For three years, Dubit has been engaged in research around children and virtual reality. Beyond basic questions of health and safety, engagement and enjoyment, UI and UX, it’s critical with this emerging medium to ask how children can learn to critique VR content. As with any medium, we should want young people across cultures to be critically literate — choosing and engaging thoughtfully across diverse VR content, but also to be content creators themselves.
Making builds an active connection between thinking and knowing. Anthropologist Tim Ingold (2013)* wrote that humans have forever learned about the world through our hands.
While VR content creation is still a complex process, perhaps enabling young people to design their own VR headsets, with an eye toward enhancing the immersive experience, would spark critical thinking about how VR works. I tested this idea in my role as a Senior Tutor at London’s Royal College of Art, with postgraduate students, building from key findings in Dubit’s Children and Virtual Reality study.
One student created the headset (see image below) to go with a virtual roller coaster experience. Shifting the weight of the headset as the user moved forwards or backwards added a feeling of embodiment to the VR ride.
Another group made lenses for the headsets. Each lens was made from two circles cut from opposite sides of a plastic bottle. The pieces were glued together to create a concave shape and injected with water to form a lens. Although the lenses were of very inferior quality (+3.50 off-the-shelf reading lenses work much better!), their exploration demanded that they think about what VR is, how it works, and the importance of high-quality in stereoscopic vision.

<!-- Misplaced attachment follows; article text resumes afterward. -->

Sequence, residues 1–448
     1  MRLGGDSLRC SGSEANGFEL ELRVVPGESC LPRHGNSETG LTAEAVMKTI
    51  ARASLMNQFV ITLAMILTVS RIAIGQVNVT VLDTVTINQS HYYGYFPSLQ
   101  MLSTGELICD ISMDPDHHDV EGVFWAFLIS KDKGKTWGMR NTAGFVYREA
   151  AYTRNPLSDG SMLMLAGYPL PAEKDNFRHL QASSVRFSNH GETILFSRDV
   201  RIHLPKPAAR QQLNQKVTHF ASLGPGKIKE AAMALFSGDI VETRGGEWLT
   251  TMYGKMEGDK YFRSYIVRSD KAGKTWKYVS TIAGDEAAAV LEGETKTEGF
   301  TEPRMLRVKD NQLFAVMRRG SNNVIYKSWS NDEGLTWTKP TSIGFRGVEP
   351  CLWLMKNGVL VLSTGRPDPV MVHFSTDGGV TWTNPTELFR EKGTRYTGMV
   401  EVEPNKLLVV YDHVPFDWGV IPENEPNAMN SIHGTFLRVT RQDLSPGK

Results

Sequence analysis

I asked other doctoral students to take apart a simple headset, then to rebuild it without instructions, using cardboard, lenses, tape, glue, scissors and a smartphone. In doing so, they discovered the importance of fine measurement: how both inter-pupillary distance and the space between the lenses and the phone screen are critical to making the split screen image on the smartphone become a single, in-focus picture.
These same ideas could be undertaken with children, so that they are also able to understand VR better:
- Introduce children to VR content on a cardboard headset, then let them ask questions and propose theories about about how VR works;
- Show children a VR app outside the headset and ask how they think the two images on the smartphone become a single image, before letting them try it in the viewer and discussing how separating the eyes unites the two images;
- Allow children to explore the distance between the lenses and the phone screen to understand how it relates to the image moving in and out of focus;
- Let children make a headset using a freely available template (https://vr.google.com/cardboard/manufacturers), then challenge them to design one from scratch;
- Invite the children to imagine and invent a VR headset design that might alter their engagement with the content (e.g., the roller coaster example).
Particularly given the current hesitancy to recommend most virtual reality headsets for children’s use, it will take time for VR to filter into homes and schools. We know, however, that children will use it, and will love its immersive engagement. Therefore, we have not just a unique opportunity, but also a responsibility, to support young people as critical users and thoughtful creators, from the start.
*Ingold, T. (2013) Making: Anthropology, archeology, art and architecture. London: Routledge